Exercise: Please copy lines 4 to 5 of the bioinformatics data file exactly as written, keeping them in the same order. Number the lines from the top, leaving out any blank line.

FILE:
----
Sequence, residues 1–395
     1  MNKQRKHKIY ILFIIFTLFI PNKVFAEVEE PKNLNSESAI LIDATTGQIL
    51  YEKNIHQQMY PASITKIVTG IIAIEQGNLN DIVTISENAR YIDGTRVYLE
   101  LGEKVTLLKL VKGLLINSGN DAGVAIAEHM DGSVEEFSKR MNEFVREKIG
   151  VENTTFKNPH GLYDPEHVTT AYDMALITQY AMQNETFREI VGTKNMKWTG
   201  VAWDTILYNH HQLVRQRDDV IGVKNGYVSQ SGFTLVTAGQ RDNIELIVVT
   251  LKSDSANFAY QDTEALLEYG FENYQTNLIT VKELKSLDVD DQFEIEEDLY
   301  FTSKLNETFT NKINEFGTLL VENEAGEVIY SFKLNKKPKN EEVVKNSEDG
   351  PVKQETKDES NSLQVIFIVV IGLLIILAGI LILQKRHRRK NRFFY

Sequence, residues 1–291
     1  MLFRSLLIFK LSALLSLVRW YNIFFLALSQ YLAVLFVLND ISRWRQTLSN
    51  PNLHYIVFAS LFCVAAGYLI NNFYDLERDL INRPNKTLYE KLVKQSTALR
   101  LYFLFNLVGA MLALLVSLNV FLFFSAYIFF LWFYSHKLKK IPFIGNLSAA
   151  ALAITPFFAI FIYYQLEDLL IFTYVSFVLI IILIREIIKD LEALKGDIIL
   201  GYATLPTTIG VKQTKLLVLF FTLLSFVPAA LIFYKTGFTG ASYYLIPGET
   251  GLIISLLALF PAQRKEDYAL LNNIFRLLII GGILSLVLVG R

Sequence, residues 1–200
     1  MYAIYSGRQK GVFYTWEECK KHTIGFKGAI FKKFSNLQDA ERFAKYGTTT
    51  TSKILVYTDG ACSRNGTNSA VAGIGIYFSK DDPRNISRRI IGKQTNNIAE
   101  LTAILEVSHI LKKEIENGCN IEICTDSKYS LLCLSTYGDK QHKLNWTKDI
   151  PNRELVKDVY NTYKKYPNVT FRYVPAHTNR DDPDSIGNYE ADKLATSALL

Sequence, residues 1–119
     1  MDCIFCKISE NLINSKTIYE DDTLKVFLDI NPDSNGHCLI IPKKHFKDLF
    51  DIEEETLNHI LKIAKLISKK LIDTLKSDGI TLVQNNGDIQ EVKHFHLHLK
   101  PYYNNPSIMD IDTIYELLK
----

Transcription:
   101  LGEKVTLLKL VKGLLINSGN DAGVAIAEHM DGSVEEFSKR MNEFVREKIG
   151  VENTTFKNPH GLYDPEHVTT AYDMALITQY AMQNETFREI VGTKNMKWTG